Ugandan Government To Be Held Accountable For Maternal Deaths In Landmark Constitutional Petition 16
After a frustrating year of slow progress, a landmark lawsuit that seeks to hold the Ugandan government accountable for the high number of preventable maternal deaths in the country may finally see a resolution, RH Reality Check reports.
In August 2009, 40-year-old Sylvia Nalubowa died in labor in a hospital in Mityana, Uganda, after medical workers asked for bribes and then failed to treat her when the mother of seven refused, the Guardian reports.
Her death incited protests in the African country that sees 16 women die each day in childbirth.
Activists and community members took to the streets to challenge the rampant corruption, lack of trained staff and skimpy health budget that have plagued Uganda in recent years and which, activists say, has resulted in the unnecessary deaths of women like Nalubowa, Independent Online reports.
Then in December 2010, Jennifer Anguko, a popular elected official, bled to death in the maternity ward of a major public hospital in Arua when her uterus ruptured after 15 hours of obstructed labor.
According to the New York Times, Anguko was bleeding for 12 hours in the hospital before she was finally seen by a doctor. By the time she went into surgery an hour later, it was too late and the mother of three died on the operating table.
Last March, Ugandan human rights groups led by the Center for Health, Human Rights and Development joined the families of Nalubowa and Anguko to file a petition against the government of Uganda.
The landmark petition argues that by not providing essential medical commodities and health services to pregnant women, the Ugandan government has violated the constitutional rights of Ugandans — including the right to health, the right to life and the rights of women.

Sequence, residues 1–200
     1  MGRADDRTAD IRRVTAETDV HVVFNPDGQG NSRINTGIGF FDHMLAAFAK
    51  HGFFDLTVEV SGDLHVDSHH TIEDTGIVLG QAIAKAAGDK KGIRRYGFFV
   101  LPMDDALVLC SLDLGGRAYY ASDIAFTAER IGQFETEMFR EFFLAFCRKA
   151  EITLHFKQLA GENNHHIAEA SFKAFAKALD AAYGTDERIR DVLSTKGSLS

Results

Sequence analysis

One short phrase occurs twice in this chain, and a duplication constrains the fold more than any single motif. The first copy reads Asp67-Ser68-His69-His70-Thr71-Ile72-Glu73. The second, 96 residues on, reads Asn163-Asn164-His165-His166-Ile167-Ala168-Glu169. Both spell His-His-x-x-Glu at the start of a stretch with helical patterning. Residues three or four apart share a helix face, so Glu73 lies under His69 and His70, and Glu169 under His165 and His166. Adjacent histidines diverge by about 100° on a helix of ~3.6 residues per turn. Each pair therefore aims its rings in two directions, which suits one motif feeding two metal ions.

“Maternal health [in Uganda] has been overlooked,” Primah Kwagala, a lawyer for the Centre for Health, Human Rights and Development told RH Reality Check. “People do not know that they have a right to good health service provision. They think it is a privilege.”
According to a 2010 Ugandan Health Ministry report, a majority of clinics and hospitals in the country reported regularly running out of essential medicines, while only a third of facilities delivering babies are equipped with basics like scissors and disinfectant. Many hospitals also do not get regular electricity and light, the Guardian reports.
Though the petition initially garnered plenty of global media attention and was gaining ground thanks to the support of international activists, an objection raised during the petition’s hearing slowed proceedings down, Key Correspondents reports.
Finally, after months of stagnation, a letter was released to the petitioners last week by Deputy Chief Justice Alice Mpagi Bahigeine, RH Reality Check reports.
“The delay in delivering the ruling is very much regretted,” Bahigeine wrote. “However, it has been brought to the attention of the Hon. Justice responsible and everything possible to ensure speedy disposal of the matter.”
The world is now watching to see if the Ugandan government will take responsibility for the unnecessary deaths of thousands of mothers that die every year.